Association, aggregation, and composition in OOP explained

How to use association, aggregation, and composition to define relationships between the objects in your application

Association, aggregation, and composition in OOP explained

The Unified Modeling Language (UML) is a de-facto standard for modeling object-oriented systems. In UML there are five different types of relationships: association, aggregation, composition, dependency, and inheritance. This article presents a discussion of the first three of these concepts, leaving the remaining ones to another blog post.

Association in object oriented programming

Association is a semantically weak relationship (a semantic dependency) between otherwise unrelated objects. An association is a “using” relationship between two or more objects in which the objects have their own lifetime and there is no owner.

As an example, imagine the relationship between a doctor and a patient. A doctor can be associated with multiple patients. At the same time, one patient can visit multiple doctors for treatment or consultation. Each of these objects has its own life cycle and there is no “owner” or parent. The objects that are part of the association relationship can be created and destroyed independently.

In UML an association relationship is represented by a single arrow. An association relationship can be represented as one-to-one, one-to-many, or many-to-many (also known as cardinality). Essentially, an association relationship between two or more objects denotes a path of communication (also called a link) between them so that one object can send a message to another. The following code snippet illustrates how two classes, IDGBlogAccount and IDGBlogEntry, are associated with one another.

public class IDGBlogAccount
   {
       private IDGBlogEntry[] blogEntries;
       //Other members of the IDGBlogAccount class
   }
public class IDGBlogEntry
   {
       Int32 blogId;
       string caption;
       string text;
       //Other members of the IDGBlogEntry class
   }

Aggregation in object oriented programming

Aggregation is a specialized form of association between two or more objects in which each object has its own life cycle but there exists an ownership as well. Aggregation is a typical whole/part or parent/child relationship but it may or may not denote physical containment. An essential property of an aggregation relationship is that the whole or parent (i.e. the owner) can exist without the part or child and vice versa.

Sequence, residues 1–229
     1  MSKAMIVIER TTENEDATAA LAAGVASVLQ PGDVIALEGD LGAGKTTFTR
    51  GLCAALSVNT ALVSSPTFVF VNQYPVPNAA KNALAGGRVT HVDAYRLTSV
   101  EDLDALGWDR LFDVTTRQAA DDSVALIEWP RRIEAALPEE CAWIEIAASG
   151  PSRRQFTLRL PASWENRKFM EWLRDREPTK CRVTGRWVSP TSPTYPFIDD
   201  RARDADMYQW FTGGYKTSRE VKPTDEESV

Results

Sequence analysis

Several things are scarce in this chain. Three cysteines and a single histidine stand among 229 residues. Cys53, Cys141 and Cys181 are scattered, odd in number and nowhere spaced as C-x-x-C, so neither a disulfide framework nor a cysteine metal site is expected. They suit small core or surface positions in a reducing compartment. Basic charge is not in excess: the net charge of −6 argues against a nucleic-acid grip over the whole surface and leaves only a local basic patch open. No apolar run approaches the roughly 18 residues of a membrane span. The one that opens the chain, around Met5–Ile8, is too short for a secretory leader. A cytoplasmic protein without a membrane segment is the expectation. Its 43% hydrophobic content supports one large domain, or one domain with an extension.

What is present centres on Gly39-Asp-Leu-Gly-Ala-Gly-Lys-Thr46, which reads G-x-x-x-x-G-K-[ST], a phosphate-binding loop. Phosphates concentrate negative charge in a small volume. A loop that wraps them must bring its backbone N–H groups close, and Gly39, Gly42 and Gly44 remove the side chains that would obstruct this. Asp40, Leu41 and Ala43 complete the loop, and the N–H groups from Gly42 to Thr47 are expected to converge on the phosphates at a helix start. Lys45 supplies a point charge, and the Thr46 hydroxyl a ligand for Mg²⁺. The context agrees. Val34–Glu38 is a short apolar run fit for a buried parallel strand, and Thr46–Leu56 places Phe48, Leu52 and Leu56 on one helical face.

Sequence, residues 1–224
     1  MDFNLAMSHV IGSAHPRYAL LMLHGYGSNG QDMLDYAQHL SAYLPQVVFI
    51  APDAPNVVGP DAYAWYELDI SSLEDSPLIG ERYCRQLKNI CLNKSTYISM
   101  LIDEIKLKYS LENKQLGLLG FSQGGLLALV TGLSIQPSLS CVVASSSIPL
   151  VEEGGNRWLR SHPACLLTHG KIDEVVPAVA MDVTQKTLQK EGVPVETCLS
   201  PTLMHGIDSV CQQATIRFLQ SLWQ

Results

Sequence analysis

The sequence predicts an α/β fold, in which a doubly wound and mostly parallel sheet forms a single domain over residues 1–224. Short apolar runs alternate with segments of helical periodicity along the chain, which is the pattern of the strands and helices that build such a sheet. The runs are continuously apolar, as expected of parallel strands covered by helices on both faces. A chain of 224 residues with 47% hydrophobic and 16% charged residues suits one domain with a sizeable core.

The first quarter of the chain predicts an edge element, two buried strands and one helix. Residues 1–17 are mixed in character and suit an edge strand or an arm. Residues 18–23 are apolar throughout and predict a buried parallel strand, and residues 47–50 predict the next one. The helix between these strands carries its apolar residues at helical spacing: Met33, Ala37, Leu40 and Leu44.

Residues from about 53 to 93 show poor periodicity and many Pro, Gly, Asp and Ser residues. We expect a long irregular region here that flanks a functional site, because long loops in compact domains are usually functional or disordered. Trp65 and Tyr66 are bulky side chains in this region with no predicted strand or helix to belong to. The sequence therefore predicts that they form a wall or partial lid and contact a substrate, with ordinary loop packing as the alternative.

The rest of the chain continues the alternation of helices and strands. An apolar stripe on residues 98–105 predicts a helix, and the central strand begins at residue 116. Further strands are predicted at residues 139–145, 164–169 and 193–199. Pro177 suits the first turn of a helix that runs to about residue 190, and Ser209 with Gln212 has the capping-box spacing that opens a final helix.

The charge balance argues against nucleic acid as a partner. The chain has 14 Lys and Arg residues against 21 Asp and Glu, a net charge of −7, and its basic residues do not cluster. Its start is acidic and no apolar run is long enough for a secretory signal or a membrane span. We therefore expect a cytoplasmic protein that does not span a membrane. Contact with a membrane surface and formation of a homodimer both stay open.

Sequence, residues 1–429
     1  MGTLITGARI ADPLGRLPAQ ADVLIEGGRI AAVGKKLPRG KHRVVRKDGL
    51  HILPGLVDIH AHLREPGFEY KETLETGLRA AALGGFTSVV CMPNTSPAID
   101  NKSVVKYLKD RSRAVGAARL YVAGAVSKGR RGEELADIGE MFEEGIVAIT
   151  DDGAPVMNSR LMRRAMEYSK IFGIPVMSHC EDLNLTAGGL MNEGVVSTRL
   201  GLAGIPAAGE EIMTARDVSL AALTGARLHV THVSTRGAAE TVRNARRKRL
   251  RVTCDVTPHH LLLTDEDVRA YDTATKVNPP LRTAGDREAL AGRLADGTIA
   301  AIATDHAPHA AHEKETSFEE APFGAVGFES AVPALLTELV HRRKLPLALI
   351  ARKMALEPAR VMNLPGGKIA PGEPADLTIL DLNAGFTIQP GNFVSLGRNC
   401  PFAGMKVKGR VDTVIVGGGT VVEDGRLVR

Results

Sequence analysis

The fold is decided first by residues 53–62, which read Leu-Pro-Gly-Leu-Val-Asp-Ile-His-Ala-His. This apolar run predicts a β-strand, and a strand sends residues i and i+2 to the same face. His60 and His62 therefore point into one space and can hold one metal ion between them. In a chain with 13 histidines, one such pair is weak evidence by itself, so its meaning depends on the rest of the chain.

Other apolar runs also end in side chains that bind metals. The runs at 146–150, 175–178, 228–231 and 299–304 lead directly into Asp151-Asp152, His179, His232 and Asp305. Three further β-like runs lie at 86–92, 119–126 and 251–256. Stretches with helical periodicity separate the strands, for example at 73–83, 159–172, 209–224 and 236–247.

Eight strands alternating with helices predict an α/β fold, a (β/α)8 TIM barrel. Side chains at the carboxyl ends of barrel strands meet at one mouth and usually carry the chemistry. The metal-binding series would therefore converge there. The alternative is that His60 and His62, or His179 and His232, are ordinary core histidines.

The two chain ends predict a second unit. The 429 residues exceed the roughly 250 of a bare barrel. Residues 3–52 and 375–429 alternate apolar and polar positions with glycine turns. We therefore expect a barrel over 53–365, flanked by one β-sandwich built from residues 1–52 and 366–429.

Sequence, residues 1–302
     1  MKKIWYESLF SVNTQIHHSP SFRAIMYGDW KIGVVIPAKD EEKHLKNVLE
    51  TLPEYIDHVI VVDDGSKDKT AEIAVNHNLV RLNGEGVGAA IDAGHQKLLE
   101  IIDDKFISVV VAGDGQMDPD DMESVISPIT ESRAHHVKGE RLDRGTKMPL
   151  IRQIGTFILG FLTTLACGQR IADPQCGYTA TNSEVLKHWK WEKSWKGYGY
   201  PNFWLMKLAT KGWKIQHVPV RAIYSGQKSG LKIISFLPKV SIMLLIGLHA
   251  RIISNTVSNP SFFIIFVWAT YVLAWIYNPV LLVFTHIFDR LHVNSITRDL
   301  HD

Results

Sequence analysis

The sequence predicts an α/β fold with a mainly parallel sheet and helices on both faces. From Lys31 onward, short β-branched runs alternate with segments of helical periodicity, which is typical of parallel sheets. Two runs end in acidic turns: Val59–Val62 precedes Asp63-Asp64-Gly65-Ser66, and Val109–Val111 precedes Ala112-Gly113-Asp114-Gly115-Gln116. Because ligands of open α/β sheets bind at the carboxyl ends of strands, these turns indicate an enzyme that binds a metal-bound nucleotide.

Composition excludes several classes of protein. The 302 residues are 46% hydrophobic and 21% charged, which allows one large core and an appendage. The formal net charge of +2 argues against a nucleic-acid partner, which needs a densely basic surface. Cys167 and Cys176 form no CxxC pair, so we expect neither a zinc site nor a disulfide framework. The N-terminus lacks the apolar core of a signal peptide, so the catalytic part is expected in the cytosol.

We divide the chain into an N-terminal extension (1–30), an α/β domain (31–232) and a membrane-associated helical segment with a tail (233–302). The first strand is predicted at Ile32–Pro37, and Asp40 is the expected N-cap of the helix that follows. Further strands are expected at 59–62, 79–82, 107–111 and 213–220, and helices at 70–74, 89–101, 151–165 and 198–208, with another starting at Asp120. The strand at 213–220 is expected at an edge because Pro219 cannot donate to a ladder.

As an example, an employee may belong to one or more departments in an organization. However, if an employee’s department is deleted, the employee object would not be destroyed but would live on. Note that the relationships between objects participating in an aggregation cannot be reciprocal—i.e., a department may “own” an employee, but the employee does not own the department. In the following code example, an aggregation relationship is evident between the IDGBlogAuthor and IDGBlogAccount classes.

public class IDGBlogAuthor
   {
       private Int32 authorId;
       private string firstName;
       private string lastName;
       //Other members of the IDGBlogAuthor class
   }
public class IDGBlogAccount
   {
       private IDGBlogEntry[] blogEntries;
       //Other members of the IDGBlogAccount class
   }

Aggregation is usually represented in UML using a line with a hollow diamond. Like association, aggregation can involve a one-to-one, one-to-many, or many-to-many relationship between the participating objects. In the case of a one-to-many or many-to-many relationship, we may say that it is a redundant relationship.

Composition in object oriented programming

Composition is a specialized form of aggregation. In composition, if the parent object is destroyed, then the child objects also cease to exist. Composition is actually a strong type of aggregation and is sometimes referred to as a “death” relationship. As an example, a house may be composed of one or more rooms. If the house is destroyed, then all of the rooms that are part of the house are also destroyed. The following code snippet illustrates a composition relationship between two classes, House and Room.

public class House
{
   private Room room;
   public House()
   {
       room = new Room();
   }
}

Like aggregation, composition is also a whole/part or parent/child relationship. However, in composition the life cycle of the part or child is controlled by the whole or parent that owns it. It should be noted that this control can either be direct or transitive. That is, the parent may be directly responsible for the creation or destruction of the child or the parent may use a child that has been already created. Similarly, a parent object might delegate the control to some other parent to destroy the child object. Composition is represented in UML using a line connecting the objects with a solid diamond at the end of the object that owns the other object.

I hope this discussion of association, aggregation, and composition relationships has helped you understand how these three concepts differ. Remember that aggregation and composition are both subsets of association. In both aggregation and composition, an object of one class can be the owner of an object of another class. And in both aggregation and composition, the child objects belong to a single parent object, i.e., they may have only one owner.

Finally, in an aggregation relationship, the life cycles of parent objects and child objects are independent. In a composition relationship, the death of a parent object also means the death of its children.

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